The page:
Using a Robot to Ease a Child’s Pain – NYTimes.com.

The researchers randomly assigned the children to one of two groups: one with routine vaccination protocol administered by a nurse, and the other with the addition of MEDi in the room. In the MEDi group, the robot would converse with the child and pick up a toy, noting that it was dusty. As the nurse rolled up the child’s sleeve and swabbed the arm, MEDi would have the youngster blow on the toy to help clean it, timing the request to exhale for the moment the nurse injected the needle.

“The robot was distracting the child during distress, but also giving instruction for how to cope,” said Dr. Beran. “Deep breathing relaxes the deltoid muscle.”

I think this is fantastic. Sure, helping kids get injected is all well and good [there are other ways… and you can imagine non-patented ways to achieve this], but to me, this Soother-Bot suggests how robots will one day have a soul. [Or appear to have one (see Turing Test)]. It feels troubled, and it doesn’t presume it can solve all problems–these are, among others, fundamental qualities of beings that we can love. Why? Partly because we’re vain, and partly because we’re (rightly) scared by omnipotence.

It’s something like modern dogs, bred to be adolescent, eager but flawed. Needy. That’s how we’ll breed robots. Meanwhile, the government will keep doing this.

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Everyone runs out of disk space eventually. Even if you have exabytes of space, it’s good to cull once in a while. Here’s a simple, lightweight utility for Windows to see all the files you have as proportionally sized rectangles: WinDirStat. (On their site they recommend some alternatives for Linux and Mac.)

It’s not a beautiful visualization, but it’s fast and free. Tell it what drive or folder to analyze, and it’ll create a colorful summary of all the files, organized by folder. (Filetypes are color-coded.) A directory listing appears on top, with filenames and sizes. You can click either the text or the graphic rectangle to select a file. From there you can get Properties, open in Explorer, Delete and some other administrative stuff.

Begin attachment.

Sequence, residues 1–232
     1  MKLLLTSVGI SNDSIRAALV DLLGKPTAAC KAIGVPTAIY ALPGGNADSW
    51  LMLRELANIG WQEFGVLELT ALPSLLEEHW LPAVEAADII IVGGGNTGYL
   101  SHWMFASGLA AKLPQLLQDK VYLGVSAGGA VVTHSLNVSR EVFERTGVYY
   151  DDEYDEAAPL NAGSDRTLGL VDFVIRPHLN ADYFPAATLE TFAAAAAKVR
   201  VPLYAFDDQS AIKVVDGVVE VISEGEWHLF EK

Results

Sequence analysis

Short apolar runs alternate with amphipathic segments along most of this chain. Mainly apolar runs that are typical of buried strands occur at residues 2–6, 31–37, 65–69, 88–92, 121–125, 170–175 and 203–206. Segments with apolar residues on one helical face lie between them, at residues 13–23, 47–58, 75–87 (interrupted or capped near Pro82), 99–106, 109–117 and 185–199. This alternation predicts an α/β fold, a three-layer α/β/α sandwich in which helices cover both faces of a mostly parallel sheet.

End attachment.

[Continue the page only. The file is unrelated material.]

It’s a great way to spot the huge files (or folders made up of hundreds of small files). I just did this the other day when I saw my Dropbox was full.

There are other utilities that do this, but I love the raw simplicity and ugliness of it. But that’s me. At work I set up Windows 7 to look like 98.

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Hollywood and Blake Snyder’s screenwriting book, Save the Cat! – Slate Magazine.

How a single book on blockbuster screenwriting has taken over, uh, blockbusters. Sadly precise story beats, laid out to the minute. See them here.

So much more pernicious than Joseph Campbell’s Hero’s Journey, which I actually do respect.

I imagine it’s just a matter of time before someone does a multiframe overlay of different movies illustrating how all the beats really are synchronized.

I once mapped out a biographical museum based on the Hero’s Journey. It would be funny to see someone try to apply the Save the Cat! formula to other kinds of experiences, like fine dining (All is Lost) or office buildings (Dark Night of the Soul).

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Two interesting and deeply considered theories on how everything is related. At least, in their own universes:

The Pixar Theory | Jon Negroni.

The unified theory of Quentin Taratino’s movie universe

Someone once told me as an architect you’re only every working on one design your whole life. Every project is an iteration on the same idea, hopefully a better attempt than the last to express a single concept. I’ve thought about this a lot. During school it seemed like a superficial remark, as you can look at most student portfolios and notice a tendency to return to the same cool idea. But over the years I have seen it play out, even when the projects look nothing alike. I’m not surprised that the ethos of Pixar or the movie-solipsism of Tarantino are so cleanly teased out.